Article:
She then moved on to another UN report dated May 17, 1999, a year after the previous one. It was "shortly after Lundin Oil had made its discovery in Block 5A and the army had moved in", the prosecutor explained. She spoke of cattle being slaughtered, civilians being killed, rape and looting by government troops, reading out in English from the report of the Special Rapporteur on the situation of human rights in Sudan.
Reading from this report was lengthy. It underlined the importance of the oil regions in these conflicts, including the famous block 5A. It seems damning, both for the Sudanese army and for the oil company, which is accused of being complicit in the army’s crimes. The report describes the displacement of populations, suspected of supporting the rebellion that is sabotaging oil installations. It speaks of a buffer zone of 100 square kilometres established around the oil installations. At the end of point 85 of the report, the prosecutor asked for a break. It was 11 o'clock. Everyone made their way down the two flights of stairs and into the cafeteria.
"Everyone already has an opinion"
It has to be said that the Swedish media are not coming in droves.
"It's hard to get people interested," says a journalist at Swedish business daily Dagens Industri. Another Swedish journalist takes a different view. Martin Schibbye, editor-in-chief of the Blankspot website, says: "I find that there are new things every day, particularly last week when the results of the search of Lundin's Geneva offices were presented, along with Carl Bildt's E-mail.”
Carl Bildt is the former conservative prime minister and foreign minister who will be called to testify… in 2025. He was a member of Lundin's board of directors at the time of the events. In the E-mail quoted at the hearing, dated June 19, 2001, he warned Lundin's management of the complications of working in an area where Khartoum was carrying out harsh repression, which would isolate Sudan internationally. "We must not appear to be defending the regime," Bildt warned.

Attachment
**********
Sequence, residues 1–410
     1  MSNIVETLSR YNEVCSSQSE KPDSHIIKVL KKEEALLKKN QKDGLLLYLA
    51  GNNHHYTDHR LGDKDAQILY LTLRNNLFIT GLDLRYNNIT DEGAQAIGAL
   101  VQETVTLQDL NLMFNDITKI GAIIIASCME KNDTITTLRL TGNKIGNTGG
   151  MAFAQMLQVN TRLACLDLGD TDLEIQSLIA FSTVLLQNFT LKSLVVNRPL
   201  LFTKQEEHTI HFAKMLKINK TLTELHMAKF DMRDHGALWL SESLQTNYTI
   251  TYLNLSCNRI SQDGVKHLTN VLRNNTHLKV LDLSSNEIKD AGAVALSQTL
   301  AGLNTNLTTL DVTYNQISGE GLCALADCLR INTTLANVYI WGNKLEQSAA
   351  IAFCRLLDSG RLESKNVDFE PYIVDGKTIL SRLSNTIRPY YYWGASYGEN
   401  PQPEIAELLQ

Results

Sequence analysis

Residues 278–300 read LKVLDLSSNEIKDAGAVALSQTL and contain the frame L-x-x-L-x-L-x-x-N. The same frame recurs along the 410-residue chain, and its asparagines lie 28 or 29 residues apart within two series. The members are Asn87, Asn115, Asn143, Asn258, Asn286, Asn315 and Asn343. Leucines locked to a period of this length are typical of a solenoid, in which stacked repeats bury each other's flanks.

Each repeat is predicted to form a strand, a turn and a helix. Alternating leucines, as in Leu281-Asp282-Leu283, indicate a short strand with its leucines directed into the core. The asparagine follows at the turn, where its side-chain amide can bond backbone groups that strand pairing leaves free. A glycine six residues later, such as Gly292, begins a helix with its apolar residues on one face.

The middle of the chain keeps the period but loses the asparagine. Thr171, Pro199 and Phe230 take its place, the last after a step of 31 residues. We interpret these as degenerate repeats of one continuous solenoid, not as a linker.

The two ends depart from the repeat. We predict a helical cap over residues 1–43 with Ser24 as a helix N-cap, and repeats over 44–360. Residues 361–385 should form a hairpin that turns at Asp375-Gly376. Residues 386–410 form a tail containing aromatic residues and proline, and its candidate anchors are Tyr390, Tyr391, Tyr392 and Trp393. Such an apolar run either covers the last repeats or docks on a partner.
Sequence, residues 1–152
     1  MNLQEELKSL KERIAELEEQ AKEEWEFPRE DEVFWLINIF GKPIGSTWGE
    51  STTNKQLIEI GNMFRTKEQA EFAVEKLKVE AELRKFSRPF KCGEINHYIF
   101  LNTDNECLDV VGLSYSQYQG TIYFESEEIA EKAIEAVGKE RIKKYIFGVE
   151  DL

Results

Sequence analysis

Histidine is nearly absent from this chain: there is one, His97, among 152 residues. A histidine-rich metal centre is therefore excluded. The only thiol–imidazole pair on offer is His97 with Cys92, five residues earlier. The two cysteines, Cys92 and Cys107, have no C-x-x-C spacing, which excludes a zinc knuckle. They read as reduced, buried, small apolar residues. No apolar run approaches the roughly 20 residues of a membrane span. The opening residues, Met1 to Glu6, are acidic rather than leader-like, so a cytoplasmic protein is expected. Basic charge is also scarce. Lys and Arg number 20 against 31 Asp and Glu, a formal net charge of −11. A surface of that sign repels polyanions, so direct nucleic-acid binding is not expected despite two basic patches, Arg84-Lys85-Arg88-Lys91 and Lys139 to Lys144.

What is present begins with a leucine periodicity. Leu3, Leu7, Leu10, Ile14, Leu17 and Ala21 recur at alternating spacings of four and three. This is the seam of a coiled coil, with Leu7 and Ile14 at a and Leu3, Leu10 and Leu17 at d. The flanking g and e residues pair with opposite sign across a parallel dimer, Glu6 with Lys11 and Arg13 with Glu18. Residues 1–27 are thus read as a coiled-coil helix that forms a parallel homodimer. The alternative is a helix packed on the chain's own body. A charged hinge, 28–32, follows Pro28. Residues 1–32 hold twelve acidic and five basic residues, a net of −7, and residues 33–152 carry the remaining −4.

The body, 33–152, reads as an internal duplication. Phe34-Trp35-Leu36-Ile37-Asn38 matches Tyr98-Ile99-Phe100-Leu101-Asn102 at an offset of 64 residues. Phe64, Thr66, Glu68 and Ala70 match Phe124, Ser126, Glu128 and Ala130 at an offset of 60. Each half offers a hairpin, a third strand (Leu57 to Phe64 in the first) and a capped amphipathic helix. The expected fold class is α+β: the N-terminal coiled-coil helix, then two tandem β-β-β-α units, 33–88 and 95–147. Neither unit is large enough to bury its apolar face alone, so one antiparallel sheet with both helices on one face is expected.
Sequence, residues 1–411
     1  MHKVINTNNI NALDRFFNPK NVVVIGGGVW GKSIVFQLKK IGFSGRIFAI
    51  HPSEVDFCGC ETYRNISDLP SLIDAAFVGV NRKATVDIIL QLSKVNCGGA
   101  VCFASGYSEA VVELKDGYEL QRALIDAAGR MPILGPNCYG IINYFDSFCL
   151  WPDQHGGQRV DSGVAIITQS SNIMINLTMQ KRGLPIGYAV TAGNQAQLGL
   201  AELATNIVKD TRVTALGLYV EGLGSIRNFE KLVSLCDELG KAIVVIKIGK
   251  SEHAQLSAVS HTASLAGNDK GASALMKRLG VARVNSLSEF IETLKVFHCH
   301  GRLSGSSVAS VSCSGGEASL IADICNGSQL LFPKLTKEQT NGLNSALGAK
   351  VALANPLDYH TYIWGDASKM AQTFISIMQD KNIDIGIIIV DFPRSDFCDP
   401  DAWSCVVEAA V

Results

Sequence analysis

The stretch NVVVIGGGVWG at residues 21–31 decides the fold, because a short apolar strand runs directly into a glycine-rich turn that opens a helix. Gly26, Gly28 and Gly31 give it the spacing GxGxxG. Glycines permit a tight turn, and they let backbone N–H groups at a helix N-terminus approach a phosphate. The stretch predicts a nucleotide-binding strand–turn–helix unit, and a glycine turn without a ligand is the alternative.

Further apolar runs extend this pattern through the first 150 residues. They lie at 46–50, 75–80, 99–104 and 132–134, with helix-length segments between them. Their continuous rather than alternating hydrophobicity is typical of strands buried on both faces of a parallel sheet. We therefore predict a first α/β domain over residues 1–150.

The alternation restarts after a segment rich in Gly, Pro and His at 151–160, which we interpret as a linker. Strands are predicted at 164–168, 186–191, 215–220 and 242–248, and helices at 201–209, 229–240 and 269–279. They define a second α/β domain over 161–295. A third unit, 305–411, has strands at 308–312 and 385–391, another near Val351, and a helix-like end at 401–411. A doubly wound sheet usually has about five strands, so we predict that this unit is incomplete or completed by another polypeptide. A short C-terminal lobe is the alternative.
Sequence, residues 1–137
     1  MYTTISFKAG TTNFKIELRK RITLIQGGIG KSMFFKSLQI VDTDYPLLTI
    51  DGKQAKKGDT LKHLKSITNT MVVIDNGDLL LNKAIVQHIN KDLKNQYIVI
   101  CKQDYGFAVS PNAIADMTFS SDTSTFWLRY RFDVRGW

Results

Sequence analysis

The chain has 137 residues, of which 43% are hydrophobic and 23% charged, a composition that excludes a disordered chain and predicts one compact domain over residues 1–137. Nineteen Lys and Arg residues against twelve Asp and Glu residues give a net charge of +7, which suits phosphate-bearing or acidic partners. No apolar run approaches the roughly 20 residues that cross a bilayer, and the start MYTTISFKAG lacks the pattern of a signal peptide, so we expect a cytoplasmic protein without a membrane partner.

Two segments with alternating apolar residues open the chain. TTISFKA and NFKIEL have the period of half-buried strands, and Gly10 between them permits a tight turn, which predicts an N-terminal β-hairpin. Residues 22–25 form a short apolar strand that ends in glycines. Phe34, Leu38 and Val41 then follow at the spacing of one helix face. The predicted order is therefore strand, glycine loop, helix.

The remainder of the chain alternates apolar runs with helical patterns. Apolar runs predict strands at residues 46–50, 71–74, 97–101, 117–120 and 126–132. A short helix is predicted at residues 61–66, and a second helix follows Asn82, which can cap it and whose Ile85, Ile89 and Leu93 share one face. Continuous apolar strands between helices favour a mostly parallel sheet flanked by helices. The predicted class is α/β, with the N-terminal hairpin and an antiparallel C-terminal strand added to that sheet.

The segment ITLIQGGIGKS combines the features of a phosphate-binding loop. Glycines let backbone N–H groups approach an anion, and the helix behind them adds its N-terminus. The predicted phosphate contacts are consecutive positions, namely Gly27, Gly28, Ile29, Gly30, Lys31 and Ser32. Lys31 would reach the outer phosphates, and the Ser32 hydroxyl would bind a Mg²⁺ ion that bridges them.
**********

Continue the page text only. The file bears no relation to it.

“When Carl Bildt comes to testify, it will attract a lot of journalists,” says Schibbye. “The same for the questioning of the defendants.” But in fact, interest from the Swedish media is limited. Perhaps, as the two reporters say, because the story is already 20 years old. “Everyone has already had an opinion on the affair for 20 years," says Schibbye. “Either Lundin was there to help the country out of poverty, or they are guilty. People aren't too interested in the nuances".
After the break, the reports continued to be read, one from the US State Department and another from the NGO Human Rights Watch. The findings looks as damning as before for Lundin. After the lunch break, the prosecutors resumed reading a report on famine in Sudan. There’s reference to a report from security companies working for other oil firms, who mention the high risk that oil represents in this region. The two defendants listen, each in their own row. Lundin's lawyers will have to wait until November 29 to give their version, and Schneiter's until February 20. At 4.30pm, the seventh day of the trial comes to an end.